On Thursday I phoned Colton Mill at 9am. they answered, telling me they had no idea about the form I had handed in, but said The Grange had added a note to my file with the treatment request. she said they needed 48 hours for a prescription request so I should phone back tomorrow. I tried to press them on the 48 hours but they shrugged off all responsibility.

Not daring to trust it to a phone conversation on the Friday, I decided I would go down there and I could just stand at reception and moan until they got a doctor to sign it for me. So I raced over on my lunch hour, foregoing my usual sandwich. However, when I got there I was told that the prescription had been electronically sent to Boots, without having asking me, and as such they couldn’t give it to me.

Finally, when I managed to get to Boots on the Saturday they did indeed have it. 10 days after I was prescribed it. It does technically beat last time though.

Catastrophic Care

Saturday, May 16th, 2015 | Books

Catastrophic Care: Why Everything We Think We Know about Health Care Is Wrong is a book by David Goldhill about the American healthcare system.

Their healthcare is comparable to that provided by the NHS. However we rank better because we spend only a third of the money the US does. Someone told me they spend more tax money than we do, even before the insurance costs, though I do not have a source for that.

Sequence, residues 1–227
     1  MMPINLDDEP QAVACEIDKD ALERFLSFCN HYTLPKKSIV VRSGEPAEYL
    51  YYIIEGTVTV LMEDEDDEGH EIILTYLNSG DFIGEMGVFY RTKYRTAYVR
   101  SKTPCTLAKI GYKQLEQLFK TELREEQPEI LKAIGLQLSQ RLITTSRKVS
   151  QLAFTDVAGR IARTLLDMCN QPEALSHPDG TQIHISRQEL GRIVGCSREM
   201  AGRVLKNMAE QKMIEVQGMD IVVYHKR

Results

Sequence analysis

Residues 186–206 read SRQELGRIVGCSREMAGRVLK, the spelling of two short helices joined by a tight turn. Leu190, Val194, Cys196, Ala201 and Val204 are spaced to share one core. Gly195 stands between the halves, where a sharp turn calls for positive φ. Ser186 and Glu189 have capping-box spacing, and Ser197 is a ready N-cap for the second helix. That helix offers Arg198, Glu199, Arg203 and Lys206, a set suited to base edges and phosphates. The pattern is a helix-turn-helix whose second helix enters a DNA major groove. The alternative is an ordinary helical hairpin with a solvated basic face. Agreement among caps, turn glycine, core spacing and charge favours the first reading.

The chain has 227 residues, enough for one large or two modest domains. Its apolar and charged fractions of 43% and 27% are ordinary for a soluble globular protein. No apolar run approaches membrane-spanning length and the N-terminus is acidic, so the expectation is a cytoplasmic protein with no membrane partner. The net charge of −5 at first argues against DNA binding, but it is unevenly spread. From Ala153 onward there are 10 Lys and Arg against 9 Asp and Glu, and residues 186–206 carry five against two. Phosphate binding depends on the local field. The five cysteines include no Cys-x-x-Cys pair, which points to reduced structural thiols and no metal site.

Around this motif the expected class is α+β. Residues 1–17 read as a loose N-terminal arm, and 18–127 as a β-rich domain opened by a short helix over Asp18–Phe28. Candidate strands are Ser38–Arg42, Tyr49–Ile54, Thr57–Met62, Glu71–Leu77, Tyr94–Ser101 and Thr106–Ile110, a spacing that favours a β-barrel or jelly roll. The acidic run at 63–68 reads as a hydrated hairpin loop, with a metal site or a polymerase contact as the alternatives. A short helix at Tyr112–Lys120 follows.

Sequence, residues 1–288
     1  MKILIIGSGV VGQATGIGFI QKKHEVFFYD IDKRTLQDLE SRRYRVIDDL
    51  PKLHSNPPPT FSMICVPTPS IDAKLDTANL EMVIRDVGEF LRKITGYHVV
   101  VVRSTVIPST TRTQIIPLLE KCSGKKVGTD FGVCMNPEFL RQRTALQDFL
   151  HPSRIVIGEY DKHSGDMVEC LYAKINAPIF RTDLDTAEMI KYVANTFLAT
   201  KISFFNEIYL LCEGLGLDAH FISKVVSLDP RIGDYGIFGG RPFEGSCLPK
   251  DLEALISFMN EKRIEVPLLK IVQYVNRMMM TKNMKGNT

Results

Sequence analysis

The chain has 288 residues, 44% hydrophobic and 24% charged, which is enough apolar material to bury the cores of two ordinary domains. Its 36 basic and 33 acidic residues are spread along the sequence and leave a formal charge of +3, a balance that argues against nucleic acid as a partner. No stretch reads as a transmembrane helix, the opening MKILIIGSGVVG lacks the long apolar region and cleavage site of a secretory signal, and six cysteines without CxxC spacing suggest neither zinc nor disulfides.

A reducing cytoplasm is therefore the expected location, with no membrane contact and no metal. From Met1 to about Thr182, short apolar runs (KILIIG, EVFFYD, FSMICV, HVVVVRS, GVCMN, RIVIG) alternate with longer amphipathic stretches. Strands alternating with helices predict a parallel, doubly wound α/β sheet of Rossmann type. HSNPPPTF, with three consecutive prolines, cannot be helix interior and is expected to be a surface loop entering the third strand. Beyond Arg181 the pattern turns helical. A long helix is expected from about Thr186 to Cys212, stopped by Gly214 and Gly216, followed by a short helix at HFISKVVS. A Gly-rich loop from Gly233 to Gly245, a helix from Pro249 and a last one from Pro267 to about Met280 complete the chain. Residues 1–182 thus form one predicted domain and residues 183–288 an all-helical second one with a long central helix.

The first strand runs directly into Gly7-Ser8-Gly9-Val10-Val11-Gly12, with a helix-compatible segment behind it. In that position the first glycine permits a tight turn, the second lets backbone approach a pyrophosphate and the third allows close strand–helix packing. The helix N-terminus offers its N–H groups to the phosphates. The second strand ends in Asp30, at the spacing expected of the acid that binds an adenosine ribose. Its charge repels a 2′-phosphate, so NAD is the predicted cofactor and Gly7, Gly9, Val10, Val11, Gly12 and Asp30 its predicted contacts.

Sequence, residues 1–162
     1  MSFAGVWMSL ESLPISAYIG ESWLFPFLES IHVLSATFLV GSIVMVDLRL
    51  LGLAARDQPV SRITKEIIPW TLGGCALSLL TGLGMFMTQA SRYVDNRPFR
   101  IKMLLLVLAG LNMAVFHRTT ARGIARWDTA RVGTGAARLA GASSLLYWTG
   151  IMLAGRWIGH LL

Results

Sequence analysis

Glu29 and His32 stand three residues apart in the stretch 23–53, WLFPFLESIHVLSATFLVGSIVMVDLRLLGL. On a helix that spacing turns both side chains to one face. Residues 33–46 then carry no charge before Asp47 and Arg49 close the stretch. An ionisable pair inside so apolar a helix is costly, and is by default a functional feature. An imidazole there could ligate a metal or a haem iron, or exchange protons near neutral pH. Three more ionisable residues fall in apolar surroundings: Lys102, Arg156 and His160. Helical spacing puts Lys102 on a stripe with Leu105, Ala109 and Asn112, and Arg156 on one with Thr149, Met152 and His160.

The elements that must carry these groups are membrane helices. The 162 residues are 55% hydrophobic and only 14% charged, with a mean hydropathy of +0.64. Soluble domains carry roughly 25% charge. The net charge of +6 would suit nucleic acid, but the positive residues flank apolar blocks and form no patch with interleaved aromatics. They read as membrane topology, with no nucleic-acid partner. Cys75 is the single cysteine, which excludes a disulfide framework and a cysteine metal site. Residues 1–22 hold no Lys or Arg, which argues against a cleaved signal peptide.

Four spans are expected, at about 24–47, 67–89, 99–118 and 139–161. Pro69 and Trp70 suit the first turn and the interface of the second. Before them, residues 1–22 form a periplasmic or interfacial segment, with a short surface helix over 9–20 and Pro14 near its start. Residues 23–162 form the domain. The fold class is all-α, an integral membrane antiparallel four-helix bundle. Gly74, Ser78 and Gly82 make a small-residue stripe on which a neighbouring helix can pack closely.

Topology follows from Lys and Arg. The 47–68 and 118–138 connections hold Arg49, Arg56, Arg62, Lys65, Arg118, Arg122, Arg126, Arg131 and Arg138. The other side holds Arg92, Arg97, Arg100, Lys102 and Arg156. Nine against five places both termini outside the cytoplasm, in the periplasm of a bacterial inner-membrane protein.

Goldhill points out a number of problems, some common across all healthcare systems, others specific to America:

  • Holistic care, phsycholical factors in recovery and control of infections are often overlooked – for example making the ward look nice, keeping records electronically and emptying the bins before they overflow.
  • Insurance systems do not make sense because healthcare is not a risk, it is an inevitability.
  • There are incentives to take medication – you can take statins to lower your blood pressure, or you can lead a healthy and active lifestyle. Your insurance pays for the former but not the latter.
  • There is little focus on cost in insurance-based systems.
  • 68% of hospital beds in America are provided by non-profit hospitals, yet they do not produce better results than for-profit ones.
  • Medical errors, hospital-acquired infection and over-treatment kill as many people as many major medical conditions

His solution is to crap the insurance system and replace it with a loan based system. A typical American will spend around $1,300,000 on healthcare over their life-system so Goldhill suggests giving them that as fund, with a small insurance system for catastrophic conditions that cost more (though he argues nobody would charge more in a market-based system).

On a tangent, he also talks about how state assistance to buy a house actually helps rich home-owners rather than first-time buyers. I blogged about this in June.